After Mazi, What’s Next For Nassau GOP?



When the Patriots entered the Super Bowl in 2007, they walked in with a 18-0 record.  Every commentator said they were unbeatable.  The first undefeated team since the 1972 Dolphins was about to put the crown on their momentous achievement.  The New York Giants, however, came to play, and they were victorious.  

This is how many Nassau County Republicans felt going into the special election race between Republican Mazi Pilip and Democrat Tom Suozzi.  Nassau Republicans have been on an incredible hot streak, gaining city and town seats on every level for four years.  Republicans have the most control in Nassau since 1971, a year before the infamous Dolphins season.  So where did it go wrong this time?

It’s undeniable that George Santos himself was a factor in this election.  When the Republicans pushed for and allowed his expulsion from Congress, it was likely done on a simple calculation.  Losing a seat in a Special Election was preferable to going into the 2024 race with Santos still in Congress.  They were playing the hand they were dealt, and it’s impossible to forecast how these things will turn out.  The low voter turnout for this special election could be attributed to Santos voters’ disillusionment with the local Republican Party.

A larger factor, however, was the sheer number of dollars that poured into this race.  A reported $22 million was spent on this race, with Democrats spending over 60% of that total, at $13.8 million to Republicans’ $8.1 million.  Every other ad on local channels was devoted to this race, so much so that voters from surrounding districts assumed that they had an election that day as well.  The Democrats brought in union leaders from around the country to door knock and get the word out to go vote for him.  

Suozzi also went into this election with far more name recognition.  He was mayor of Glen Cove from 1994-2001 and then County Executive of Nassau from 2002-2009.  He was elected to Congress in 2016 and didn’t seek re-election in 2022, opting instead to challenge Kathy Hochul for the Democratic nomination for Governor (in which he placed third).  Mazi, on the other hand, was elected to County Legislature in 2021 in Great Neck, which was her largest base of support, but was relatively unknown outside of that area.  Republicans had less than two months to compete with three decades of campaigning.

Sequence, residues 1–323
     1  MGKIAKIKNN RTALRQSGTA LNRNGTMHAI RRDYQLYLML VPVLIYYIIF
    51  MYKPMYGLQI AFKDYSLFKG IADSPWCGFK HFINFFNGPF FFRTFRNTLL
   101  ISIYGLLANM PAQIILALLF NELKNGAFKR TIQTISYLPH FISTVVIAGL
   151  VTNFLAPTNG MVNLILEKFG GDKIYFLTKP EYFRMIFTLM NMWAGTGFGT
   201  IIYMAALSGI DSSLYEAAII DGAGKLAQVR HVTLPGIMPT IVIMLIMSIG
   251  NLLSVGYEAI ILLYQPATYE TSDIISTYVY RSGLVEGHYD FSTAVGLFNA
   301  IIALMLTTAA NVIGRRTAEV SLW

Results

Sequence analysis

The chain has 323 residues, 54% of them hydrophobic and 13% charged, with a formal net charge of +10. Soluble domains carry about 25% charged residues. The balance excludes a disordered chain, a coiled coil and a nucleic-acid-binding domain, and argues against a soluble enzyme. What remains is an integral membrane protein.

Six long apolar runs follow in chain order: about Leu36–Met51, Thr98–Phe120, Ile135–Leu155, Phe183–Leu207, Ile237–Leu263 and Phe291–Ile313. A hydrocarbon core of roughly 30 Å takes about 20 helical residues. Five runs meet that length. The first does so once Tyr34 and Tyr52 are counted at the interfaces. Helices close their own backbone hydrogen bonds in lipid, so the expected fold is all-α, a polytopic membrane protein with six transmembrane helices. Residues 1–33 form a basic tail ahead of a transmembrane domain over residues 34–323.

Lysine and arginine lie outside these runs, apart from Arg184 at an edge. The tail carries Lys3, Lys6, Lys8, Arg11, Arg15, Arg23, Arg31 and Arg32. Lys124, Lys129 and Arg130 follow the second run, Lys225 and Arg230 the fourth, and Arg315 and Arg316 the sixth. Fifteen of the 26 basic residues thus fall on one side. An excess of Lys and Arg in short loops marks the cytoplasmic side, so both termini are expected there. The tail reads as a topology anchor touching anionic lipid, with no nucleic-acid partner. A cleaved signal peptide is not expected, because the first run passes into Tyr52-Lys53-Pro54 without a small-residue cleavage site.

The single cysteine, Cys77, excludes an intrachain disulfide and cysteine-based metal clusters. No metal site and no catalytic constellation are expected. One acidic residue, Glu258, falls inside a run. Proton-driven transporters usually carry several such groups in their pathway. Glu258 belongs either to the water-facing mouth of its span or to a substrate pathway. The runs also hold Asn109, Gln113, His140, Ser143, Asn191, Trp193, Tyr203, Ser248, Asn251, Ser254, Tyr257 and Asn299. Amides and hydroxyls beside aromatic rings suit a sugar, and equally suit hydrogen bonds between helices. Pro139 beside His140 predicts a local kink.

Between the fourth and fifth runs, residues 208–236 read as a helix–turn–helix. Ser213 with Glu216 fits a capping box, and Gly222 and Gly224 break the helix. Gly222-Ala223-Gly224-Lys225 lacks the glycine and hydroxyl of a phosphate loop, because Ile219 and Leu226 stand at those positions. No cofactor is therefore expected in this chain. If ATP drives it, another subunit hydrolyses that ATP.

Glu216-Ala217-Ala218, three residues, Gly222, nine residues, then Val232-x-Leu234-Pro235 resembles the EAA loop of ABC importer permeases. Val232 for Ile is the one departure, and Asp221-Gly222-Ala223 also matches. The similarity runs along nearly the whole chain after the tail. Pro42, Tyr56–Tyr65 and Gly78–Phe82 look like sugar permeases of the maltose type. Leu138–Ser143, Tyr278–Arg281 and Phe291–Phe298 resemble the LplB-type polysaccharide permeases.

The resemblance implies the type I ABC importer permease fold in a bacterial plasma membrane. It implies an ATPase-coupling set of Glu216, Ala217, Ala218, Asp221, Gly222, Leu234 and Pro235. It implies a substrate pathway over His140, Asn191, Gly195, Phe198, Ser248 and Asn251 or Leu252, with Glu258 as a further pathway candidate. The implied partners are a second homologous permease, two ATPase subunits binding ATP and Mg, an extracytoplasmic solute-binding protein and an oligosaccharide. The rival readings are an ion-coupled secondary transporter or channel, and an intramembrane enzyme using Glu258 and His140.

In terms of campaign strategy, Suozzi actually ran against Joe Biden.  His campaign slogan of “Let’s Fix This” was overtly aimed at Republicans in the House, yet had the obvious undertones of how big a failure Biden has been as President.  From border to inflations to wars abroad and division at home, Suozzi didn’t mention Biden by name (he even refused an endorsement from him), but it was clear who the cause of all of these problems was. Suozzi also billed himself as someone who would take the Squad and the extreme Left in the House to task, even though he has no history of doing so in the past.  Democrat voters who have been turned off the party resonated to the message of a party insider changing from within.

Critics of Nassau GOP claim that not embracing Trump and “MAGA” cost the election for Mazi.  There is little evidence to support this.  Joe Biden won the district by eight points, and Lee Zeldin, who did not embrace Trump when running in 2022, won it by double digits.  George Santos, who is much more in that camp, won it by a smaller margin than Zeldin did.  Voters in the district do prefer Republicans to Democrats, but it looks like the turnout was low without a larger name at the top of the ballot. 

This seat is up for reelection this November, along with 434 other House seats.  Republicans can easily take it back under the right conditions.  Trump is at the top of the ballot, so the turnout will be far higher.  That will benefit the Republican nominee, as the district has more default R voters than showed up this time.  This coming election will also not have the benefit for the Democrats of national funding and volunteers, as it is not the only election in the country.  Republicans can lean on their well-earned base of support for the candidate. Most importantly, by the time November comes around, it can be an entirely different district, considering the lines have been fighting in the courts for several years now.  Whoever the candidate for Republicans is, however, they need to start campaigning right now.  Suozzi is the incumbent, and he won’t go down without a fight.  

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